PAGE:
Bows have been used in decorations for hundreds and hundreds of years. We use them in our every day lives, to make knots that will look pretty as well as come undone easily, to decorate our dresses, to wrap our gifts, to hang about our necks. Bows are also used very often in weddings, especially elegant bows made out of expensive fabrics. In fact, many different wedding themes and color schemes require ribbons and bows by nature.
A prime example of bows in weddings is to use in flower displays. The bride's bouquet has to be tied together somehow, and it is usually done with a complex, loopy, decorative ribbon. Bows are also sometimes used in the ordinary flower displays on the tables and in the corners of the room. It helps compose the whole feel of the wedding more to have a common element such as ribbon.
Bows are also used on chair covers and table cloths. Many chair cover rental places, especially chair cover rentals San Diego, incorporate massive amounts of bows in wedding linens. Sometimes these linens use a single, simple, but very large bow. Other times the linens are positively dripping with tiny adorable knots. It is popular practice to tuck flowers, seashells, small candies, and giant lollipops into the knot of these bows, for it adds a decorative flair and gives the guest a nice souvenir to take home.
Bows can be seen quite ubiquitously on articles of clothing. Many dresses boast a giant bow on the lower back, or several small bows in various parts of the dress. Lots of girls have been known to wear bows in their hair ornaments, and men have been known to tie bows around their throats. Bows are also used on shoes. High heeled shoes tend to have large, fluffy ribbons or a row of tiny decorative bows, and many men's shoestrings are tied into a rather scrawny, unisex bow.
Enthusiastic jewelry designers have even utilized the bow shape in metal work. These new jewelry pieces are not necessarily seen at weddings, but they are sold by a large number of major retailers and would match a wedding party dress quite nicely. Regular bows in jewelry are used to adorn flowers attached to the wrist or buttonhole. Some girls follow pre-Revolution French Fashion and even tie jaunty girly bows around their necks, though these are more related to the chocker than they are to the man's bowtie.
The large, cloth bows used so often in chair covers and wedding linens or by wedding linen rentals companies are probably inspired by the giant bows that girls are so often apt to tie about their waists. This might have been the Elizabethan/French/Victorian style that enjoyed exaggerating women's hips through large, fluffy clothing elements. It is a bit of a far stretch to compare it to the Japanese obi, though the elements are same, the knot itself is completely different.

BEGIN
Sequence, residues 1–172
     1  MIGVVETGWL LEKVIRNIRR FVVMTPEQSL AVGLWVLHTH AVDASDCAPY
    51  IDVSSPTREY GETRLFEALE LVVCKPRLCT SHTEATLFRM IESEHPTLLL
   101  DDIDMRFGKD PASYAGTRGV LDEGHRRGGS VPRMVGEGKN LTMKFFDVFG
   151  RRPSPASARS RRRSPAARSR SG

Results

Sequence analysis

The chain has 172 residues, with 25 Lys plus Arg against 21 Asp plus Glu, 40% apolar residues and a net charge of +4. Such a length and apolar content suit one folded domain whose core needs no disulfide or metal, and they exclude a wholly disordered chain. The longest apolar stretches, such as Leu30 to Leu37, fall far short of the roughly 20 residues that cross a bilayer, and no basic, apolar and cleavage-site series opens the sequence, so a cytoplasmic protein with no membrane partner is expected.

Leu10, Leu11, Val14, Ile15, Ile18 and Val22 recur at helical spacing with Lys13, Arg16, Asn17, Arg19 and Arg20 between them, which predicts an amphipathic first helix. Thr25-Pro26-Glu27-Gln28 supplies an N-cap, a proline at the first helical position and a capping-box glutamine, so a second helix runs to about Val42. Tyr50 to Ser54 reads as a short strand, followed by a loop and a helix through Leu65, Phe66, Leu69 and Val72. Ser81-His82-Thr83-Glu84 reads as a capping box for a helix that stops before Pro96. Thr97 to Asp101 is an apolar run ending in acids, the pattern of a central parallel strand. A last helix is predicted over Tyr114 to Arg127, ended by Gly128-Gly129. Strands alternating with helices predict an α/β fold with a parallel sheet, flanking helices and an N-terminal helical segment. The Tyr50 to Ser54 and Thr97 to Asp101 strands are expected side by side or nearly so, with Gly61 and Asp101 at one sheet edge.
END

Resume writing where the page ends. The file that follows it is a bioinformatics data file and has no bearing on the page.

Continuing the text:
Elegant bows are also used to adorn wedding gifts. Weddings are decadent and luxurious, and the wrapping on wedding gifts usually follows the same path. People are apt to use the most elegant paper they can find and top it all off with a beautiful, expensive bow that neither the bride nor groom will ever have the heart to throw away.
In the same style as wedding linens, chair cover rentals, and wedding table cloths, large cloth bows are also commonly pinned to the draperies on the walls and over the windows. Complex, loose, draping pieces of cloth provide endless entertainment to interior designers, and it is only natural that these materials go along perfectly with complex knots and elegant bows. Bows are sometimes even hung from the lamps and gently nailed to the ceilings.
Bows are, however, never ever put on the floor. People would be more likely to trip over them than admire them. Bows are also used very rarely in food, especially in meat and vegetable dishes. When bows are used in food, they are most often used in desserts, where the light, fluffy shape is aesthetically pleasing and makes for an absolutely adorable confection. They are also used to dress up the cake as elegantly as possible, though bakery bows are usually made from edible materials.
Bows are also not usually used in napkins. This may be because the napkin designer wanted the cloth to be as smooth as possible, for maximum mouth-wiping efficiency. Either that, or napkins are so often washed that the bows would have been damaged in the process. Either way, there are very few things on the dining table (aside from flowers, tablecloths, and perhaps wedding favors) that actually utilize bows.